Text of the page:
AFRICANGLOBE – Just as the announcement was being made that military forces were being withdrawn and the curfew on the Black community lifted in Baltimore, images of another Black rebellion exploded on social media and the airwaves of the world, this time from “democratic” Israel.
Last Thursday in Jerusalem, Ethiopian Israelis gathered in peaceful protest in reaction to the release of a video that showed Israeli police violently attacking an Ethiopian member of the Israeli army who was in full uniform.
Ethiopian Israelis, long the victims of systematic racial discrimination in Israel, evoked the spirit of Baltimore and demanded an end to discrimination and police brutality.
However, it was in the liberal bastion of Tel Aviv that the protests turned into a battle zone between the police and Ethiopian Israelis.
Like the Black middle-class liberals of Baltimore who were incensed that the Black rabble would rise up to question their authority, liberal authorities in Tel Aviv decided to violently disperse the largely peaceful demonstrators in Rabin Square in central Tel Aviv.
And similar to the Black liberals charged with upholding elite white power in the Baltimore, liberals charged with upholding Ashkenazi elite power in Tel Aviv did not understand that the people had reached a point in which the awesome power of the state no longer generated fear.
Along with the ongoing issue of police brutality, Ethiopians suffer housing and employment discrimination and find themselves at the bottom of Israeli society suffering both race and class discrimination.
They are also constantly reminded that despite their Jewishness, they are still the “other” and not as valued as other Jewish populations.
They saw quite clearly the obvious contradiction in the efforts of the Israeli Prime Minister to persuade the good white French Jews to migrate to Israel while the “Jewish State” cut immigration of Ethiopia Jews from Africa.
They also saw that their Jewishness did not protect them when reacting to the issue of African migrants to Israel, Israeli right-wing organisations staged a series of demonstrations calling for the expulsion of all non-Jewish African migrants with vigilante groups also carrying out violent assaults against African migrants that did not differentiate between non-Jewish Africans and them.
With the open expressions of anti-Black racism and systematic economic and social discrimination, it was only a matter of time before there was an eruption from that community.
As I have written before, it should not be a surprise that anti-Black racism has been revealed as a permanent feature of the collective consciousness of the populations of both Israel and the United States.
As settler-colonial states that imposed themselves on indigenous populations, both projects required the development of a hierarchy of humanity in which the conquerors could justify land expropriation, displacement and dispersal, in the case of Israel, and genocide in the case of the US.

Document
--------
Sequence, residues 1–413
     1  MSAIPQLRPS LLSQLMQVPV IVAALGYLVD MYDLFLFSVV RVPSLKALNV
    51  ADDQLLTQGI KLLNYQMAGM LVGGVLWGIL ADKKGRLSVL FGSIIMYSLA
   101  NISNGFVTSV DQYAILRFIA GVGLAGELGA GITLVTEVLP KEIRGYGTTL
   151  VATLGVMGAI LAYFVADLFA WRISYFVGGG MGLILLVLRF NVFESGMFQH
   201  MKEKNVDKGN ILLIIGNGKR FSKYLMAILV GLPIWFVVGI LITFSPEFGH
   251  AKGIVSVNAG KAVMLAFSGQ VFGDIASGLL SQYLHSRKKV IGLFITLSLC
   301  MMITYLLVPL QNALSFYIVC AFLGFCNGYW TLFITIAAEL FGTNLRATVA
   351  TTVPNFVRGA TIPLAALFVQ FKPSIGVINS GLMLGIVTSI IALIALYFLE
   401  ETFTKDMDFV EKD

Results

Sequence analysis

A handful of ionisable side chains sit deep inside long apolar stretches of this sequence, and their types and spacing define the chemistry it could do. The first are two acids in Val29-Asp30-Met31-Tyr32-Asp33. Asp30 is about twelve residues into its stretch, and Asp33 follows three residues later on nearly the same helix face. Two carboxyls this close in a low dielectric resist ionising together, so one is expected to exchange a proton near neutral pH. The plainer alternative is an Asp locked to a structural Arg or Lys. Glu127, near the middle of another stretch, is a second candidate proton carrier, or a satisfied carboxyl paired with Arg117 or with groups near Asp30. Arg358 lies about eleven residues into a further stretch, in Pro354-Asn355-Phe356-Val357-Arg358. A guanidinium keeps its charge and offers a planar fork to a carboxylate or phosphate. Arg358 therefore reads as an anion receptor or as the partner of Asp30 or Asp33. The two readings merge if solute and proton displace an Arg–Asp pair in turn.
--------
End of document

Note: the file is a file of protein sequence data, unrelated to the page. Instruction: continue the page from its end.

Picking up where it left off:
In both experiences, as in all of the settler-colonial experiences during the era of European/Western colonisation, the creation of race served as the basis for that stratification of humanity.
Ethiopian Israelis face a conundrum similar to what African-Americans face. They are demanding that Israeli society recognise that their “lives matter.”
However, for a colonial project that has normalised racialism and exclusion as operative values, it is illogical to expect that Israeli society could be morally capable of recognising and substantially correcting the cultural ideas and discriminatory social policies that Black Israelis face in modern Israel.
Black lives don’t matter in Israel or in the US because Palestinian lives don’t matter, Yemeni lives don’t matter, Iraqi lives don’t matter, Syrian lives don’t matter, and even white working class lives don’t really matter, because all of these lives — this humanity — will be and is being sacrificed to maintain the dominance of an avaricious, criminal corporate/ financial elite still centred in the capitals of the West. Israel is just a colonial outpost in that continuum of global power.
What Ethiopians must come to terms with, like African Americans and all racially and nationally oppressed groups in the “still existing” colonial societies, is that a choice has to be made between continued collaboration with the Western colonial/capitalist projects, or with authentic decolonisation.
Ajamu Baraka is a human rights activist, organiser and geo-political analyst. Baraka is an Associate Fellow at the Institute for Policy Studies (IPS) in Washington, D.C. and editor and contributing columnist for the Black Agenda Report. He is a contributor to “Killing Trayvons: An Anthology of American Violence”
By: Ajamu Baraka